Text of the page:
Helping Kids Understand - Redeemed Life Counseling

Helping Kids Understand Violence, Racism, and Heavy Topics in the News

Social media and seemingly every news outlet is flooded with stories and images of violence, death, racism, social injustice, political unrest, pandemic among other heavy and unsettling topics. Kids are inevitably feeling confused, angry, and sometimes scared about the seemingly endless stream of troubling news.

Parents also are affected by disturbing current events, and are often struggling themselves to wrap their minds around the heaviness that 2020 has brought with it. There’s really not a “right” answer when it comes to how struggling adults can help struggling kids understand the world they are living in. These are difficult topics to understand and often difficult topics to have conversations about.

Here are some guidelines that could help parents navigate disturbing news about race and violence with their kids:

  • Listen and validate

Fundamentally, people need to feel seen and heard. Check in with your kids, ask them what they think about the things you are seeing. Ask how they feel about it.  You might be surprised at their perspective, their fears and concerns, as well as the feedback they are receiving from friends and family around them. 

Be sure to ask specific questions such as “What do you think about that group of protesters we saw?” “How did you feel about that?”

Older children and teens often talk during some type of activity, like walking, playing a game, riding in the car, going out to eat.  Younger children can sometimes express themselves better through drawing and play.  The most important thing for parents to remember is to listen and acknowledge their feelings, without trying to fix or repair them.

  • Talk about it

Lots of parents say they feel uncomfortable talking about racism or violence. In a lot of circumstances it can be difficult to know how to respond or how to explain what’s going on and put their own feelings into words. The truth is that racism is an ongoing problem in our world. It’s a problem that gets changed by open and real conversations.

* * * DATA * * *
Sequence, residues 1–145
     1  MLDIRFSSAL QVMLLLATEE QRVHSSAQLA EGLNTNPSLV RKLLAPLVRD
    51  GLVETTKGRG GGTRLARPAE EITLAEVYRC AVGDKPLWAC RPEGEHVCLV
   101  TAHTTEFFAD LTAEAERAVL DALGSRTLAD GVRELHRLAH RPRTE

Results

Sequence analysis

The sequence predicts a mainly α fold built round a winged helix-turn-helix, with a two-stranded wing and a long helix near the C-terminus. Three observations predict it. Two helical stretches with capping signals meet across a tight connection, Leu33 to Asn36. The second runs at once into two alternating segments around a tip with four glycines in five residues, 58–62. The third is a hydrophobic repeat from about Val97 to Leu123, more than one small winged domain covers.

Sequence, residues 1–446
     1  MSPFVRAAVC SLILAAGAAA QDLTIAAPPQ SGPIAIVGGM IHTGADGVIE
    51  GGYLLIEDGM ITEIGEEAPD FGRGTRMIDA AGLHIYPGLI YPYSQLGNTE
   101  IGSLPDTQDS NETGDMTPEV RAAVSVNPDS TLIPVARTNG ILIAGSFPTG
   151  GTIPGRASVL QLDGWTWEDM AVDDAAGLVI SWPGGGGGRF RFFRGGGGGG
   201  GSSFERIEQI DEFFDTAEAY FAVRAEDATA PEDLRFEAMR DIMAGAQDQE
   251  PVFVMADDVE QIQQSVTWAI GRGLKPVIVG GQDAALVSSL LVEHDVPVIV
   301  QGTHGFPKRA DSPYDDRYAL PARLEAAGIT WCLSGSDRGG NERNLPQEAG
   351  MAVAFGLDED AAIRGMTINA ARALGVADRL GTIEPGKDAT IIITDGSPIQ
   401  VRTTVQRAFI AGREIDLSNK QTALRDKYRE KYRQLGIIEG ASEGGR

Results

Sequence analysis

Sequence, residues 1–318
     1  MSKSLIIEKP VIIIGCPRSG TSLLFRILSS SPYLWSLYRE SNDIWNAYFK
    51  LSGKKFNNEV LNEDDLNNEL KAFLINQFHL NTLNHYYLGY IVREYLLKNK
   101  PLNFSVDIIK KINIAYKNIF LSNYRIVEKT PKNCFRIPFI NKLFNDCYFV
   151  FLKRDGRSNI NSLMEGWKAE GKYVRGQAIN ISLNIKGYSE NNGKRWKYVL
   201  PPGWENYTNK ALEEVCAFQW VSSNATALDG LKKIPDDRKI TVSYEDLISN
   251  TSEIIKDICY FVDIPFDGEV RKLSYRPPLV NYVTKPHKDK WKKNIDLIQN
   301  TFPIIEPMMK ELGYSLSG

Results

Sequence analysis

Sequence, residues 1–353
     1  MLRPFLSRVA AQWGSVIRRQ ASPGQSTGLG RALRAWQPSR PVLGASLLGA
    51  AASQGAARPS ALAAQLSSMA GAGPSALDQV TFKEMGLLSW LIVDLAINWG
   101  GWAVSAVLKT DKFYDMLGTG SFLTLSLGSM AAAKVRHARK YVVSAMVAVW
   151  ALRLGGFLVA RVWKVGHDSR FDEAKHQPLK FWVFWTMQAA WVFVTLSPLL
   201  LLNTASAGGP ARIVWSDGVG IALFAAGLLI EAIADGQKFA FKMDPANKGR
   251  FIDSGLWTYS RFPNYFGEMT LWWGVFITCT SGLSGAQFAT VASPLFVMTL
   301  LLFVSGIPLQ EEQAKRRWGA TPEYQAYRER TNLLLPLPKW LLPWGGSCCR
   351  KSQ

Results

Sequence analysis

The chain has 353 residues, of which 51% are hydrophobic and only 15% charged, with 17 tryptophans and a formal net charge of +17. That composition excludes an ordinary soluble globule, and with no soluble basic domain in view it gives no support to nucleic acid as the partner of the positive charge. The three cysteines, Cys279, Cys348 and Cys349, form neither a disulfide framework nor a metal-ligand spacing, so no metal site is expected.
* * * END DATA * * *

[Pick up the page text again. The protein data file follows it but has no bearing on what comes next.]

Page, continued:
Dr. Kenya Hameed, PsyD, a clinical neuropsychologist at the Child Mind Institute emphasizes that for most black families, conversations about racism has never been optional. Racism is a daily reality for families of color and conversations can’t wait even if they wanted to.

Dr. Hameed suggests that white families address race and racism with kids early and often. White parents can commit to educating themselves and including conversations about race into their families regularly. Make an extra effort to represent racial diversity in the products purchased for the family, which helps normalize diversity and spark conversations.

  • It’s OK to not know

Parents, don’t worry if you don’t have the answers to your kids’ questions!  Parents are human, after all and kids ask some pretty tough questions sometimes.Sit with your discomfort and be honest with your kids. Let them know it’s difficult for you to talk about, but that it’s important to talk about. It’s OK to say “I don’t know.” 

  • Discuss values

Conversations around your family’s values helps children to understand what your family feels is important as well as how to respond to comments from friends and any media they are viewing on TV or social media. 

If a parent is hurt, angry, disappointed, sad, it’s powerful to share those feelings with their child. Kids can understand unfairness, frustration, anger, disappointment, fear, etc. Letting them know your feelings can help push a conversation toward coming up with solutions for helping to fix the unfairness. 

  • Reassure them

All kids are primarily concerned about safety. “Who will keep me safe?” “Will my parents/family be safe?” Talk about safety with your conversation, and reassure kids that you as their parent will do everything possible to keep them and yourself safe. 

Reach out to us if you and your family are experiencing stress, increased anxiety and find it difficult to cope.  We can help! 

940-222-8552 or email [email protected]

Teen Social Anxiety